Zuma loses luster in South Africa

The deputy leader of the governing African National Congress party, Jacob Zuma, once seen as the potential political heir to South Africa's president, appeared in court Tuesday on charges that he raped a family friend after inviting her to his home and offering her a massage.The accusation follows Zuma's removal in June from the post of deputy president in the wake of corruption charges.The populist Zuma was able to rally support in his power base, the ANC Youth League, unions and the South African Communist Party after the corruption charges. However, after the airing of the rape allegations in South African media, support for him has plummeted in recent weeks.

Zuma's allies maintain that the rape charges are part of a conspiracy designed to undermine his chances of becoming president. Nonetheless, some analysts said it would be difficult for Zuma to recover politically from the dual blows of two drawn-out court cases.Zuma strongly denied the rape allegations Tuesday, just as he had the accusations of corruption.

"I wish to state clearly that I am innocent of these charges," he said in a statement. "I regard these allegations against me very seriously, as I abhor any form of abuse against women. Throughout my life, in line with the policies of my organization, the ANC, I have fought against all forms of violence and abuse against women."

Zuma was released on slightly more than $3,000 in bail. He said he would not carry out official functions as deputy party leader while the case continued, but he did not relinquish the post. South African law bars convicts from pursuing public office.

According to the indictment, Zuma, 63, had invited a 31-year-old family friend to visit him at his home Nov. 2. During the evening he invited her to stay overnight and showed her a room where she could sleep, to which she later retired.The indictment charges that Zuma came to her room and offered her a massage, which she refused, then dragged the duvet from her bed and forced her to have sex with him.

South African newspapers have reported that the alleged victim is an AIDS activist and member of a prominent ANC family.The corruption case against Zuma split the ANC, with his supporters rallying angrily at hearings held in Durban in October and November. Several burned a shirt bearing a picture of President Thabo Mbeki, who had decided that Zuma should step down as deputy president of South Africa.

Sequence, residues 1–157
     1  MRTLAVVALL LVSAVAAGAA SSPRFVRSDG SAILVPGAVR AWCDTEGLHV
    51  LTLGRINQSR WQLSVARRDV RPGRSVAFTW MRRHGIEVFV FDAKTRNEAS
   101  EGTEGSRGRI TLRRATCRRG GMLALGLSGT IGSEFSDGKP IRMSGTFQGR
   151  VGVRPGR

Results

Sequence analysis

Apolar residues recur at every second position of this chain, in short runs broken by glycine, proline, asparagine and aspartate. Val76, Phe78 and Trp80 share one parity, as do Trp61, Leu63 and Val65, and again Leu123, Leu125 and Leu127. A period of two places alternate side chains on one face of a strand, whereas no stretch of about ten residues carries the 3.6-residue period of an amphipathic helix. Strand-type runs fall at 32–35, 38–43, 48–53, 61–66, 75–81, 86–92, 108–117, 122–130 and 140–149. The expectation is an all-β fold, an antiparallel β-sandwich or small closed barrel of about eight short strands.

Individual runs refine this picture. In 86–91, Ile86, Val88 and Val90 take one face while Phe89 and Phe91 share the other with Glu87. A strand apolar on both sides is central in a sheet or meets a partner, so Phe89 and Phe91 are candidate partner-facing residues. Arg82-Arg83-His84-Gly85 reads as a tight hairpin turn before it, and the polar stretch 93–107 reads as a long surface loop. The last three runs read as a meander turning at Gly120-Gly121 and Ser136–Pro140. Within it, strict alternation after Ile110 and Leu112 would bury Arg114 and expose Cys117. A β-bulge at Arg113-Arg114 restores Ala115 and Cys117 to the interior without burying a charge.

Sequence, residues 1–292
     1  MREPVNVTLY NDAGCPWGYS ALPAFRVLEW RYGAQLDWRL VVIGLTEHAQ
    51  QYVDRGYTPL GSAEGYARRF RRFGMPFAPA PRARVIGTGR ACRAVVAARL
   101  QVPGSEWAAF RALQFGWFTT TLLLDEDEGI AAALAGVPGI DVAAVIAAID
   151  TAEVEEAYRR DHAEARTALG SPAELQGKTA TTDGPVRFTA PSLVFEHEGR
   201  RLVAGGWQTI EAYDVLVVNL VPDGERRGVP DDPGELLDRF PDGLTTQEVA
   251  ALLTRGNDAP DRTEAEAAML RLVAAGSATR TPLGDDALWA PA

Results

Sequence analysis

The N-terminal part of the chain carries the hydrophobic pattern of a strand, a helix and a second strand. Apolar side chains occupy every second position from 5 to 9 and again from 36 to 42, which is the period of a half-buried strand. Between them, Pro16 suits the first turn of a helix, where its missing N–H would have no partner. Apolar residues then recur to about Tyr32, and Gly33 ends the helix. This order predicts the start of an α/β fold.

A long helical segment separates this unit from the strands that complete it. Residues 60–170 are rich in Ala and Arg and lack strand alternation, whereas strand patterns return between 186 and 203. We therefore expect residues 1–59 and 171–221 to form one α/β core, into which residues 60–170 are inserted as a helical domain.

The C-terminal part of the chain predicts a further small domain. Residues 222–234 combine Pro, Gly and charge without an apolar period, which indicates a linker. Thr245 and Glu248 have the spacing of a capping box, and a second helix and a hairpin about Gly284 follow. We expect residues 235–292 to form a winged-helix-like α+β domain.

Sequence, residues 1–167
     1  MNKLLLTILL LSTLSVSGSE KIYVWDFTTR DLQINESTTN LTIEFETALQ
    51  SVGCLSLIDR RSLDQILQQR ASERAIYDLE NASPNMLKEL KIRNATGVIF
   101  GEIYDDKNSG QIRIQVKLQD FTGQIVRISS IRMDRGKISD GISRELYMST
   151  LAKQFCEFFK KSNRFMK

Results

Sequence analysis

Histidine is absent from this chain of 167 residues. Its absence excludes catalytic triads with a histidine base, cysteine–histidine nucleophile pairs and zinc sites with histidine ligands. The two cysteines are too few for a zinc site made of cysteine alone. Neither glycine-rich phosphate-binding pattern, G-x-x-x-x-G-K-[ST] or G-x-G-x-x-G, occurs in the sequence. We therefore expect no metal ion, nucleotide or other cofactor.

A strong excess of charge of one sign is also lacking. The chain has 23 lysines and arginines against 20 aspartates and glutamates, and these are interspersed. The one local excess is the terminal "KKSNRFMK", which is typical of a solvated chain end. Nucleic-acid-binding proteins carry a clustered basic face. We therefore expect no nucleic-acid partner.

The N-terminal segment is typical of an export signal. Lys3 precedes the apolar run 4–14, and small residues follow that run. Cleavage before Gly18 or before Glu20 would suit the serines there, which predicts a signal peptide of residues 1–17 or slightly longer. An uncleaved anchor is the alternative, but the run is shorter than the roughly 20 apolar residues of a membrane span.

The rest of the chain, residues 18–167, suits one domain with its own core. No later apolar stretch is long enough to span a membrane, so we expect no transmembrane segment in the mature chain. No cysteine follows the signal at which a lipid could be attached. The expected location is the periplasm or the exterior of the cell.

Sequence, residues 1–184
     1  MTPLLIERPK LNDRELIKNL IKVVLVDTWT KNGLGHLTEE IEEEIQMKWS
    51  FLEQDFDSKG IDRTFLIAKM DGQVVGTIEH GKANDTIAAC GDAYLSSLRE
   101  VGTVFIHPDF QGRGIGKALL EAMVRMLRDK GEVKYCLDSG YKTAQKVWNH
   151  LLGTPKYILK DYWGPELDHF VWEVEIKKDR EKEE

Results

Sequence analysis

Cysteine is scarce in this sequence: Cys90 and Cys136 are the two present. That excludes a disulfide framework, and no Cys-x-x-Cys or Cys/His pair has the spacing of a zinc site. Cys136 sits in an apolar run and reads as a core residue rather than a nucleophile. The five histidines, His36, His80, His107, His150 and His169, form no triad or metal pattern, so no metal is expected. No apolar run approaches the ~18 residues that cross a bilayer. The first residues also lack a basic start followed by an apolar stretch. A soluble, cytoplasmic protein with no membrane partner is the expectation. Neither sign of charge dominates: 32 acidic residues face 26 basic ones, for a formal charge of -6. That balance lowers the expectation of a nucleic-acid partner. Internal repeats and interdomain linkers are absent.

Following the rape charge, however, the ANC Women's League issued a statement Tuesday saying that although Zuma was innocent until proved guilty, it was time for the state and society to support the victim. "Of serious concern is the vulnerability of the victim and the historical relations that both families had," the organization said. "We are saddened by the fact that this incident implicates a leader that people have put confidence and trust in and who has had the responsibility of leading the Moral Regeneration Movement, was convener of the South African National AIDS Council and also deputy president of the ANC."

The Moral Regeneration Movement seeks to promote equity and justice and deplores corruption.

As deputy president, Zuma advocated virginity tests to curb teenage pregnancies and slow the spread of acquired immune deficiency syndrome.

Ebrahim Fakir, senior researcher at the Center for Policy Studies, a political analysis organization, said the charges cast doubt on Zuma's judgment and his ability to lead the country."I think it might be strategic and wise for the ANC to consider the kind of negative perceptions that might accrue to them as a party in government to keep an individual in such a high-profile position," he said.If Zuma is cleared of all charges, he could rebuild his support, Fakir said, reports the AP. I.L.

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